I nearly got myself sucked into this! I was attending a job fair at my local college to look for some work. I went to a career consulting booth to have my resumé corrected. The person then make some corrections to my resumé and then after that he asks for my number because he will call me if there is an "opportunity". He called few days later stating that we meet at a nearby coffee shop. So, I went to see him and he was there wearing a business attire. He then talks something about e-commerce and e-marketing literature and said about "eliminating the middlemen". After a few minutes, he starts talking about networking because I was looking for jobs and I asked if he can help me through the school portal. He did not want to answer that stating that he will teach me later, he then starts talking about amway as a way and how it is a legit and trusted business. He talks about amway being on BBB and made billions of dollars in sales which to me was irrelevant. He then talks about how I could be financially free in just a short amount of time and gave examples of people retiring at 25 but wouldn't tell his name. He then signs me up right away without my permission and last, he tells me: "Don't tell this to anyone because they will say yeah this and that." After that, I couldn't sleep for nights and my conscience kept on bothering me until I asked for a refund and delete my account.

Thanks to you and Anna Banana for helping me out. Otherwise a dream can turn into a nightmare.

Anonymous said...

Amway has to be sold as a "bait and switch" proposition, because of the average-to-middling-to-lousy quality of Amway products. Let's face it -- if Amway stuff was in any way competitive with other brands, it wouldn't need to pass down an MLM scheme before reaching customers. Amway isn't about selling products. It's about selling hope and dreams.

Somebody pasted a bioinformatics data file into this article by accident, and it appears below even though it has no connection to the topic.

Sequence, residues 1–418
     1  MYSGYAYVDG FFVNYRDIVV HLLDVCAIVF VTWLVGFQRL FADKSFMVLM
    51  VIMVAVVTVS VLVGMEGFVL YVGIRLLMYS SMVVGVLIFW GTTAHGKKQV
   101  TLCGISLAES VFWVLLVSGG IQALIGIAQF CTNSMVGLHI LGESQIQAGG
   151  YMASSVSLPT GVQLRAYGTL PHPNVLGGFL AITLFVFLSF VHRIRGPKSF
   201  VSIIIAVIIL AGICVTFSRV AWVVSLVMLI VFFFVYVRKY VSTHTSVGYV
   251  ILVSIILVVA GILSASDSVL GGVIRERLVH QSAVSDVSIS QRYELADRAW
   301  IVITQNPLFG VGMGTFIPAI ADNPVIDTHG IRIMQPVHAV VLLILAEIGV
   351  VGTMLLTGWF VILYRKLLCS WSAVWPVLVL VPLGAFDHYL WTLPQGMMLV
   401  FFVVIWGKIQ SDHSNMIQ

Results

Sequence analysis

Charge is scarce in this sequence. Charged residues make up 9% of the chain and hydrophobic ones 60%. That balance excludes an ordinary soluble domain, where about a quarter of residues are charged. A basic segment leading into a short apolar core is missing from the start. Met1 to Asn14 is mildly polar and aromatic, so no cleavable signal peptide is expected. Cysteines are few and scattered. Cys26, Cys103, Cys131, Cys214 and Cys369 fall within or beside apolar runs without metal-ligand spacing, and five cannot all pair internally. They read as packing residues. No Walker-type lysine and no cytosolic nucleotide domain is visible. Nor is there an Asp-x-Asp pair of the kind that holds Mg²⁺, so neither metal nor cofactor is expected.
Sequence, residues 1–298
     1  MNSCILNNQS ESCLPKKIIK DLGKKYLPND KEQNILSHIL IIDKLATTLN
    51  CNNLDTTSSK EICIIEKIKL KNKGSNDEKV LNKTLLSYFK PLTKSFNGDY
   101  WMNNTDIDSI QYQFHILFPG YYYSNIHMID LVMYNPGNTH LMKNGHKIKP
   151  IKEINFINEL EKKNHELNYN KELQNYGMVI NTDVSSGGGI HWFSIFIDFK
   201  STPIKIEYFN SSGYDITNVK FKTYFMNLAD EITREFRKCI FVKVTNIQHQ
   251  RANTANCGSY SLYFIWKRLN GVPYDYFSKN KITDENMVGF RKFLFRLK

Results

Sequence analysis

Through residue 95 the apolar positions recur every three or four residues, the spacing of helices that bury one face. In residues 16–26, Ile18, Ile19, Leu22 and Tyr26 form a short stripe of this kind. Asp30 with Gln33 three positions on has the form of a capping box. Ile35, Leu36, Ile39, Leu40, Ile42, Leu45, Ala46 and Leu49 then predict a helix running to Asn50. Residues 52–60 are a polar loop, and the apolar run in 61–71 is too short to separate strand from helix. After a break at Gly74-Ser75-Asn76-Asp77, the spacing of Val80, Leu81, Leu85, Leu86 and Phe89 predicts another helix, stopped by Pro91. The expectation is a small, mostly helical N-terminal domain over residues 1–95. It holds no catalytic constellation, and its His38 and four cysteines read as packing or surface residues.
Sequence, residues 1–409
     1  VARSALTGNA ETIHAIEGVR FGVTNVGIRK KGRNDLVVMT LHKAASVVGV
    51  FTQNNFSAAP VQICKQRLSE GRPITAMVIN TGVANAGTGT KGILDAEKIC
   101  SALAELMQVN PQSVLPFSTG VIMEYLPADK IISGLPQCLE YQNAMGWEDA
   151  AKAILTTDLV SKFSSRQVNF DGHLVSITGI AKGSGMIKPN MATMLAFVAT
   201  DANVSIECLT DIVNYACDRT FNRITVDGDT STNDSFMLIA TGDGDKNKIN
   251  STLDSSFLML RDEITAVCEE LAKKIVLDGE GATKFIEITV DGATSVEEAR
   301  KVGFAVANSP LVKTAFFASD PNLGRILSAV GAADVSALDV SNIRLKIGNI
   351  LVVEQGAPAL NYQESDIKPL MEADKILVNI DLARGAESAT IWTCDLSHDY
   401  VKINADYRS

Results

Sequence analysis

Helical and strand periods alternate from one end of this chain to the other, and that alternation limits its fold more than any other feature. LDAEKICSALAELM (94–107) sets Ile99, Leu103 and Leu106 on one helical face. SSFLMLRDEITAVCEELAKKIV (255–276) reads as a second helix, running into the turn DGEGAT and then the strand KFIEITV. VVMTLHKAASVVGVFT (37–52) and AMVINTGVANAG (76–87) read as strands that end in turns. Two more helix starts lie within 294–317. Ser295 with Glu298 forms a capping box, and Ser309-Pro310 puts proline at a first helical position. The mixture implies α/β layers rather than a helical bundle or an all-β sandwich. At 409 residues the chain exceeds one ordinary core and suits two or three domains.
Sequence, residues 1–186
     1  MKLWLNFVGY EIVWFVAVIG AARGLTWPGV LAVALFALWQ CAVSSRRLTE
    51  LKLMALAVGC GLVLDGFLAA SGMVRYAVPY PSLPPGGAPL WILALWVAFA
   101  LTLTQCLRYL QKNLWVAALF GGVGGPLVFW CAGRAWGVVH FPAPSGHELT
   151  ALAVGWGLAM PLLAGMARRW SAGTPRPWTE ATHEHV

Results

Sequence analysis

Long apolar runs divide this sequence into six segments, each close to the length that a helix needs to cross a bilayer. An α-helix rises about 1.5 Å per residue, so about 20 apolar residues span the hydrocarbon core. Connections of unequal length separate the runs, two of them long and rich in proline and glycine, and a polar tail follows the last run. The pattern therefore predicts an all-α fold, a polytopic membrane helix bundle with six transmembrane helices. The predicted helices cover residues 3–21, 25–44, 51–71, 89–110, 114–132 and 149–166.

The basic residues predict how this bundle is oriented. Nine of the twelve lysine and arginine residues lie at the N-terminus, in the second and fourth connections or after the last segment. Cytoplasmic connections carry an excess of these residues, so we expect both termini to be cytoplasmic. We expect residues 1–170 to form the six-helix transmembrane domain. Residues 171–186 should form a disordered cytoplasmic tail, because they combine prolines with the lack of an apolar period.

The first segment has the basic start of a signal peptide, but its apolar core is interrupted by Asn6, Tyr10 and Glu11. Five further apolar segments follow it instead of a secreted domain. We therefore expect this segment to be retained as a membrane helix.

Van Andel and De Vos came up with the brilliant racket of selling people on an IDEA and a CONCEPT rather than on an ordinary product. As long as you managed to do this, people wouldn't pay attention to the good or bad points about Amway stuff. Such things were irrelevant in the bigger picture of "having a dream." When you complain to your up-line that you're finding it difficult to sell Amway products to customers, what is their usual response? They say "We've learned that the best way to sell Amway products is to sell The Plan."

That response is a dead giveaway about Amway's basic fraudulence. When your marketing strategy is more important than your product, and when recruitment of salespersons takes the place of actual sales, you're running a scam.

Joecool said...

You're welcome. I'm glad the information helped you! The BBB has nothing to do with Amway as a business opportunity. The best way to shut these folks up is to ask them to prove that they actually make money. That's when the stuttering and the excuses begin. Good luck in whatever you aspire to.

Joecool said...

I fully agree with your post. Any product that has a real market demand can be on the shelves of retailers and making way more money than through an MLM scam. The Amway supporters cite quality and concentration as a means of justifying their average products but in reality, you can get similar products elsewhere at a fraction of the cost. Only difference is that you won't see "Amway" on the label.